(Repost from May 13, 2022)
The latest capability in z/OS can help system programmers manage their configuration changes.
What is today, in addition to Friday the 13th? It is General Availability Day for the latest new feature on z/OS V2.5, IBM z/OS Change Tracker!
If you are a system programmer — either experienced or not-so-experienced — this is a new priced function you should take note of. Many of the capabilities you will find in IBM z/OS Change Tracker, system programmers should find useful. Let’s take a quick look at what some of them are, and how they might be used for better managing the configuration of your system.
First note, IBM z/OS Change Tracker allows you to identity configuration data sets of your choosing. Once you have these data sets (PDS, PDSE, sequential, and more!) defined to z/OS Change Tracker, the fun can then begin on what you can do. I like giving as a typical example one of your parmlib data sets. But it certainly isn’t limited to that.
- You can control who may have access to certain members in your parmlib, beyond what they can do with your External Security Manager. Say you only want Charlie to be able to update your DIAG00 parmlib member, and stay away from IGDSMS00 – you can do that. Sorry, Charlie.
- Every time there is a change to a parmlib member, take a backup of it and keep X number of prior versions.
- Capability to compare versions of a parmlib member and recover from a saved version when an update to it resulted in a problem.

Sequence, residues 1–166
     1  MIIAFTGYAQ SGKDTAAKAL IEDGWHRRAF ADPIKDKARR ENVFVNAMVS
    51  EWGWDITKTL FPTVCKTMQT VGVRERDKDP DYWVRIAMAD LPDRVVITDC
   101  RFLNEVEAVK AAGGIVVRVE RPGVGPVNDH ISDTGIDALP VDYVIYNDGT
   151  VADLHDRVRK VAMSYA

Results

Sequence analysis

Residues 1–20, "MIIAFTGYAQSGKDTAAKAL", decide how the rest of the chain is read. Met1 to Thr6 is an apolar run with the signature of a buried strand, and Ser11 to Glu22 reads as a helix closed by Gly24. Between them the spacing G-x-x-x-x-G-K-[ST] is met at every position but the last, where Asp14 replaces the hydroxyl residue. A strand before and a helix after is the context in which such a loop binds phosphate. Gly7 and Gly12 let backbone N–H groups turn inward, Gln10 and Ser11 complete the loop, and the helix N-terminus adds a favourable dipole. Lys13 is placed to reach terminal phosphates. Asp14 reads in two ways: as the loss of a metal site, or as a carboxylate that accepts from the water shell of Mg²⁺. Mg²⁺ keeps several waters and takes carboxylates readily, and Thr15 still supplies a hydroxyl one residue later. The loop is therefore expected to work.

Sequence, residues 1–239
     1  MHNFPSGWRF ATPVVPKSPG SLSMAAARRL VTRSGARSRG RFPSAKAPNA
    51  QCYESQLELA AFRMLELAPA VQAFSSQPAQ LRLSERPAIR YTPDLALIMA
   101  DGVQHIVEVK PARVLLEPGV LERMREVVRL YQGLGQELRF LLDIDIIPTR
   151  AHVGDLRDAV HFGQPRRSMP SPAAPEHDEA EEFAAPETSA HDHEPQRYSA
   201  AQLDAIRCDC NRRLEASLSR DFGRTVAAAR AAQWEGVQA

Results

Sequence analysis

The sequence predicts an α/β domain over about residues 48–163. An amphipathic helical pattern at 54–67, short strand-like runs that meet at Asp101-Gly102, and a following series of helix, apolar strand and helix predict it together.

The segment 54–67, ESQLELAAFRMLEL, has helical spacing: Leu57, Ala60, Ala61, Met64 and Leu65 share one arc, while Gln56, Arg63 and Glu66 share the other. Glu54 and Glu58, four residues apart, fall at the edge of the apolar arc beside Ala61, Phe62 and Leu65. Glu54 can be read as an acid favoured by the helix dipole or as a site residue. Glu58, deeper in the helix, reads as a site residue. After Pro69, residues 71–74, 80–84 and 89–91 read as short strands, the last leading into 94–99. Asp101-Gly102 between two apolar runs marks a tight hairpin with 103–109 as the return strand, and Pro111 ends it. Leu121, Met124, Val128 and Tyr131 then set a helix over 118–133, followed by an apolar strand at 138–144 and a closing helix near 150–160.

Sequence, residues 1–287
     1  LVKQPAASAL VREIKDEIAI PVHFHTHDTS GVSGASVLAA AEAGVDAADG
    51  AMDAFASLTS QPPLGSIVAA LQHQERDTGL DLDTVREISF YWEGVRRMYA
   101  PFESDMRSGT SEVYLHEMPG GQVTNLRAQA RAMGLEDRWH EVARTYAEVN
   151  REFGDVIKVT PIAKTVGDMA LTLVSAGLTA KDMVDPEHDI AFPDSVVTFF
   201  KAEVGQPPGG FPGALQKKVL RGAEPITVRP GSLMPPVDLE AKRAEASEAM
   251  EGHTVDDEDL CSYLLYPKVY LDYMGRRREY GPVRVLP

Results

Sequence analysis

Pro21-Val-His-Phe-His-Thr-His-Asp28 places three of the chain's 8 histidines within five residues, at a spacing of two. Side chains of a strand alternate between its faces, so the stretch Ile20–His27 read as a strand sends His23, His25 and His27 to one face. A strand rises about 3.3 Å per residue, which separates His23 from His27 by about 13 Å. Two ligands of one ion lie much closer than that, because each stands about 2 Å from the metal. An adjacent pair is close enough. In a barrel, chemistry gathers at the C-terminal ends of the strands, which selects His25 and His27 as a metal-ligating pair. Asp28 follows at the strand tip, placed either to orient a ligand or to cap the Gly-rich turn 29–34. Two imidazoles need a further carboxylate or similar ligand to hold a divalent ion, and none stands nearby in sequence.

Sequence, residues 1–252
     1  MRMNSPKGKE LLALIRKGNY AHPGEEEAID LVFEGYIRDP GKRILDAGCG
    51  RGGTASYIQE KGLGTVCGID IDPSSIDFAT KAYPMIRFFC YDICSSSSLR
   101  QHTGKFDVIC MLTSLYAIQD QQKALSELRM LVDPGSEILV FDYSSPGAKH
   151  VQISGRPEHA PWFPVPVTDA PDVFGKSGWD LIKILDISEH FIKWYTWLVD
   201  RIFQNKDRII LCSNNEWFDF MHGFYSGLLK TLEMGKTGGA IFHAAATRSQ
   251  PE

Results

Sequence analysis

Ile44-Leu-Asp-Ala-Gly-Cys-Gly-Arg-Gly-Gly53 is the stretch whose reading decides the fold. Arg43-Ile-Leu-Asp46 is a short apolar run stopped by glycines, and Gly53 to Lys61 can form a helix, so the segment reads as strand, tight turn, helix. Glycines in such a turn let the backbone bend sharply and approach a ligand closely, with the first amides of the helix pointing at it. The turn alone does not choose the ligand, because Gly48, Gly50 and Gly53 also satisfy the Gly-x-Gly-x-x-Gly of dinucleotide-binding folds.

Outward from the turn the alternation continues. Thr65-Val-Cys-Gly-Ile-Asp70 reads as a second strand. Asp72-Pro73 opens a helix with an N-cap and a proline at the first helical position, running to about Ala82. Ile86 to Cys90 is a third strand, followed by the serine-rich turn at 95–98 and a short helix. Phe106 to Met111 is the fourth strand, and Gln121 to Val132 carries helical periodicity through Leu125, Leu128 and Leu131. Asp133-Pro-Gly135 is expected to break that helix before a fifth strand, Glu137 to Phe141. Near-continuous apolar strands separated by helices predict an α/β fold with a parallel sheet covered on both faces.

- Automatically track how a person changed a data set (with what program and when).
- Get automatic emails when something has changed.
- Quickly be able to know that deployed data sets, or even an entire volume, resulted in identical copies. Fast identification of what the differences are. Locally or remote.
- Administration control to identify a user or group of users who can work on a locked data set, via a check out process. With the ability to comment on why it was checked out.
I would encourage you to visit the IBM z/OS Change Tracker Content Solution to get more information on what this priced feature will do (https://www.ibm.com/support/z-content-solutions/zos-change-tracker/).
Notice that the configuration of IBM z/OS Change Tracker will use … what else … a z/OSMF Workflow for setup. In addition, since there are security profiles for different roles (Administrators, Users, and Auditors), the configuration workflow will help you easily import the IBM z/OS Change Tracker JSON file for validation with the fabulous z/OSMF Security Configuration Assistant (which can be used with any External Security Manager).
You will soon see IBM z/OS Change Tracker available for ordering on Shopz, but notice, the CBPDO will be available before the ServerPac due to the amount of customization that it takes to incorporate it into ServerPac. Because the IBM z/OS Change Tracker’s availability date is after z/OS V2.5 was GA, if you already have received your z/OS V2.5 ServerPac and wish to use IBM z/OS Change Tracker, I’d recommend you install it with a CBPDO. The SMP/E installation is extremely easy. Put it in your z/OS V2.5 SMP/E zones.
The complete IBM z/OS Change Tracker Guide and Reference can be found here: https://www.ibm.com/docs/en/zos/2.5.0?topic=tracker-zos-change-guide-reference
One last quick mention: If you look in the Guide and Reference book, you will see that the IBM z/OS Change Tracker interface uses ISPF panels and batch JCL. You should note that our planned vision is to add IBM z/OS Change Tracker as an imported plug-in in z/OSMF. If you wanted to see some early designs on how nice it might look in z/OSMF, see Chris Taylor’s SHARE session here: https://izswebpage.mybluemix.net/docs/zCT-SHARE-Dallas-Intro.pdf.